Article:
• However, such systems do not accommodate different positions of the patient on the mattress, are complex and still require the user to set the initial operating pressure upon first use. Static systems are known which upon setting of an operating pressure will then maintain the desirable operating pressure dependent on the users weight by using look up tables and pressure sensors sensing and adjusting the internal pressure of the mattress. As with the alternating systems, such systems still require the initial pressure to be set by the carer or user. It is known as shown in WO99/39613 to provide an inflatable support having one or more inflatable cells with venting means and measuring the pressure change in the mattress with pressure values in a pressure transducer to provide an optimum pressure. However such systems use additional pressure sensors and further cells under the mattress.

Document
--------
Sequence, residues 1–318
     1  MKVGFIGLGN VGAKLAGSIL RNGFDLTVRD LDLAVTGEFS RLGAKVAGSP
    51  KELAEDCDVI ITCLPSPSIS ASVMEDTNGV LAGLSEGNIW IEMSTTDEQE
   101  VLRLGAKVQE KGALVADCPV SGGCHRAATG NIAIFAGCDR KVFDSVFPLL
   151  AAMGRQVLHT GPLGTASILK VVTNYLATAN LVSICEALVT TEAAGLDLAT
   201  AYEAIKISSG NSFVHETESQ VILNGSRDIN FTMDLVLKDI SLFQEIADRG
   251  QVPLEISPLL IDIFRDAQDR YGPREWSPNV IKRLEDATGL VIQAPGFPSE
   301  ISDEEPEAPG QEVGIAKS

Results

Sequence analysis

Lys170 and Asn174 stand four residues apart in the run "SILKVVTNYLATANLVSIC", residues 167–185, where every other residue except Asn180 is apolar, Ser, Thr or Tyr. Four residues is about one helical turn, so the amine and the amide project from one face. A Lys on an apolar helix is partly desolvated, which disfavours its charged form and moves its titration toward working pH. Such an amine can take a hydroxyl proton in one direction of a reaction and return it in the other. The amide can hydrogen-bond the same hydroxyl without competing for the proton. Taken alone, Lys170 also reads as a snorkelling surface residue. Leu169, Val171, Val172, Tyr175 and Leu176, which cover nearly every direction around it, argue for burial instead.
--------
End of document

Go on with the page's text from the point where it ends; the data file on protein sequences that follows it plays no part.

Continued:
• It is an object of the invention to provide a simple system that removes the need for manual control of the operating pressure of alternating air mattresses or static systems and automatically set the correct operating pressure upon use by the user and more importantly reset the operating pressure and maintain the same dependent on change of position of the user or mattress.
  • Accordingly, the invention provides an inflatable support as claimed in claim 1.
  • The advantage of the invention is that it uses existing cell air and pressure sensors without adding any components into the mattress. There are no sensors in the mattress, thereby any inflatable mattress is available for use.
  • Preferably, the cell(s) are vented once every cycle of inflation and deflation in an alternating system for continuous monitoring and resetting of the optimum support pressure.